International Arbitration: Translation of Documents

In international arbitration, it is common for our lawyers to encounter situations where the bulk of the documentary evidence is in a language which is different from the language of arbitration. Often, the cost involved in translating the voluminous project documents would be immense. However, a pertinent issue facing the Tribunal would be whether to issue a procedural order for the translating of all documents.

According to Tibor Várady, the dominant pattern worldwide is to allow parties to choose the language of arbitration proceedings, and if they fail to do so, the arbitrator will make the choice.

After language of the arbitration is chosen, it is likely that a document written in a language other than the language of the arbitration will be translated to the language of the arbitration. This conclusion is based on the express wording of Article 22.2 of the SIAC Rules 2016 (which is similar to Article 22 of the UNCITRAL Model Law) that grants the Tribunal, or the Registrar if the Tribunal has not been constituted, the ability to “order [parties] to submit a translation in a form to be determined by the Tribunal or the Registrar”. This is coupled with various Arbitral Procedural Orders that suggest that the documents will be translated to the language of arbitration.

In the arbitration between Alicia Grace and others v The United Mexican States ICSID Case No. UNCT/18/4 Procedural Order No. 1, the Tribunal was constituted and presented an order after hearing the procedural matters on which parties agreed and their respective positions regarding the items on which they disagreed. After stating that the procedural languages for the arbitration were Spanish and English, the Tribunal proceeded to lay down the requirements for the Parties’ requests, pleadings and oral presentations. (at [12]) In particular, the Tribunal required any “document written in a language other than Spanish or English must be translated into Spanish or English”. (at [12.3]) From this Procedural Order, it can be extrapolated that the Tribunal is likely to exercise its discretion to order translations for any other language into the language of arbitration. Since this case accepted both English and Spanish, it stated that the document can be either procedural language. By parity of reasoning, a Registrar or Tribunal will likely make an order for the documents to be translated into English given that English was the language agreed upon by parties in our case.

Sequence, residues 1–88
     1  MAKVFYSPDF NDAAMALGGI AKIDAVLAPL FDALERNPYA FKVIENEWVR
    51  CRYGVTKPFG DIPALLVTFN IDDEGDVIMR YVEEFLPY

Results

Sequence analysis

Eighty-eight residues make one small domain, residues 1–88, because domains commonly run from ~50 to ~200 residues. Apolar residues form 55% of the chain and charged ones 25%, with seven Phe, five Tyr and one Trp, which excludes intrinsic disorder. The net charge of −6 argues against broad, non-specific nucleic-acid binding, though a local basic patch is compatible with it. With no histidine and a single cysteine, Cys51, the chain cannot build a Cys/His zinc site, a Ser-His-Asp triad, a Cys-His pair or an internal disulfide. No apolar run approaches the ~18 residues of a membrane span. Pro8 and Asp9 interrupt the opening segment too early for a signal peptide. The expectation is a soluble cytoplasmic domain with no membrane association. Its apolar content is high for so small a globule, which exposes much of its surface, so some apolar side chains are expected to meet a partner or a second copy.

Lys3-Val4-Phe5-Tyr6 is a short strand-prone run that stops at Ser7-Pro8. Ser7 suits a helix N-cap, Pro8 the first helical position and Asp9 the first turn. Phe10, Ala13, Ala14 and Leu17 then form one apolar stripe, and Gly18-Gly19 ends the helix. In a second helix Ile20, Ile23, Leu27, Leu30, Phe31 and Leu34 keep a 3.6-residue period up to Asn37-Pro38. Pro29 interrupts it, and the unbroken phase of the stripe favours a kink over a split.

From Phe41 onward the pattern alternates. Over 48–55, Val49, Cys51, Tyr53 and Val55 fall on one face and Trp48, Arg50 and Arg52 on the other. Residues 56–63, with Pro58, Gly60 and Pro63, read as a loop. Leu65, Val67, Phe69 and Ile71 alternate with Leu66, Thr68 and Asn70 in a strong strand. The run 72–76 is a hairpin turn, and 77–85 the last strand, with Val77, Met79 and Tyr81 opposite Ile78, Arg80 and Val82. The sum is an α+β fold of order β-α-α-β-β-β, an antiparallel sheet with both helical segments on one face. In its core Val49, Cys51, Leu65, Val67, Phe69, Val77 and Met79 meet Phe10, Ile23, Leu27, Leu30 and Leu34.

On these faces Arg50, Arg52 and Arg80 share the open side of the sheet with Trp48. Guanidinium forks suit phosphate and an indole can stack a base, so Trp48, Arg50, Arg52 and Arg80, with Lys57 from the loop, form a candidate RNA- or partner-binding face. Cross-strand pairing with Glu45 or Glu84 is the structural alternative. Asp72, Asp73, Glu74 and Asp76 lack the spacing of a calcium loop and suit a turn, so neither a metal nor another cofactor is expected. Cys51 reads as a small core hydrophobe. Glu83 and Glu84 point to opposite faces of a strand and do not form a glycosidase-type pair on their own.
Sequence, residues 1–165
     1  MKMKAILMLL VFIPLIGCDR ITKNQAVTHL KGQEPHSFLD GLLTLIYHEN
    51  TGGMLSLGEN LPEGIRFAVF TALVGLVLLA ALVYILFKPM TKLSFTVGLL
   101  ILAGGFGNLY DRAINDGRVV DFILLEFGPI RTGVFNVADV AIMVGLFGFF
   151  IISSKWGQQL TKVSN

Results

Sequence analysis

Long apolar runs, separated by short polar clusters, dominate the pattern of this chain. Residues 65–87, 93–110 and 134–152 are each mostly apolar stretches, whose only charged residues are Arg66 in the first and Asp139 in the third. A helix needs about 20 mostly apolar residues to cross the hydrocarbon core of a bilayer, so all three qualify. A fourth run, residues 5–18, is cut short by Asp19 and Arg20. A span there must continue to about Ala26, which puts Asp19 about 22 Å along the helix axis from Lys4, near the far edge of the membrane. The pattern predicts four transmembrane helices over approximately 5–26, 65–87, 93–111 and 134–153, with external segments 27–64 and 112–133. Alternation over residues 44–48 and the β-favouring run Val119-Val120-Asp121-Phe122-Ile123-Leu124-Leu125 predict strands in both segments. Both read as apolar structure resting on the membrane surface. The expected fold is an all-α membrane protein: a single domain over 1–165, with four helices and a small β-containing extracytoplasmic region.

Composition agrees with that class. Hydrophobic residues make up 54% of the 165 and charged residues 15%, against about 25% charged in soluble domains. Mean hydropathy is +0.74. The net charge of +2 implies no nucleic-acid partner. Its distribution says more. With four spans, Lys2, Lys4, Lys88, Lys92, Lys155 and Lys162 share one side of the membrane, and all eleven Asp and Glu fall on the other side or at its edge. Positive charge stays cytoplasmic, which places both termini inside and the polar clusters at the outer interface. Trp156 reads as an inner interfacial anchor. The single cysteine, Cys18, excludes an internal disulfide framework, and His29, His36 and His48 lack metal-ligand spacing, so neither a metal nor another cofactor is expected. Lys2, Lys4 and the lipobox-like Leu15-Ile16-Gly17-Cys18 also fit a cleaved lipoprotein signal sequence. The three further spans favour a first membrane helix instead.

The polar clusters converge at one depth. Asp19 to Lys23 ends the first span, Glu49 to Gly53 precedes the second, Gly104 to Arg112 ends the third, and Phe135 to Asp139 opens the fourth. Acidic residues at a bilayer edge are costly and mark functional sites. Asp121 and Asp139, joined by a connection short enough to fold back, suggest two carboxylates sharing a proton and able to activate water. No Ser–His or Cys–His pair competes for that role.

Furthermore, in the matter of Caratube International Oil Company LLP v Republic of Kazakhstan ICSID Case No. ARB/08/12 Procedural Order No. 2, the Tribunal stated that since “both Parties use English speaking Counsel, they are invited to produce any documents which are not in English to the other Party together with an unofficial translation into English, unless the Parties agree otherwise’. (at [5.1])

Lastly, in specialised arbitration, it is common for parties to look towards experts from foreign jurisdictions. It is therefore procedurally necessary for translating documents to the English language to be fair and equitable to parties.

Disclaimer: The content of this article does not constitute legal advice and should not be relied on as such. Specific advice should be sought about your specific circumstances.

Filed under: International Arbitration
Wilbur Lim

Wilbur Lim

Wilbur’s wide practice includes commercial and construction litigation and arbitration. He also handles a range of criminal and matrimonial matters. Wilbur's clients consist of individuals and large corporations, including foreign listed company with annual turnover of approximately USD$1 billion.

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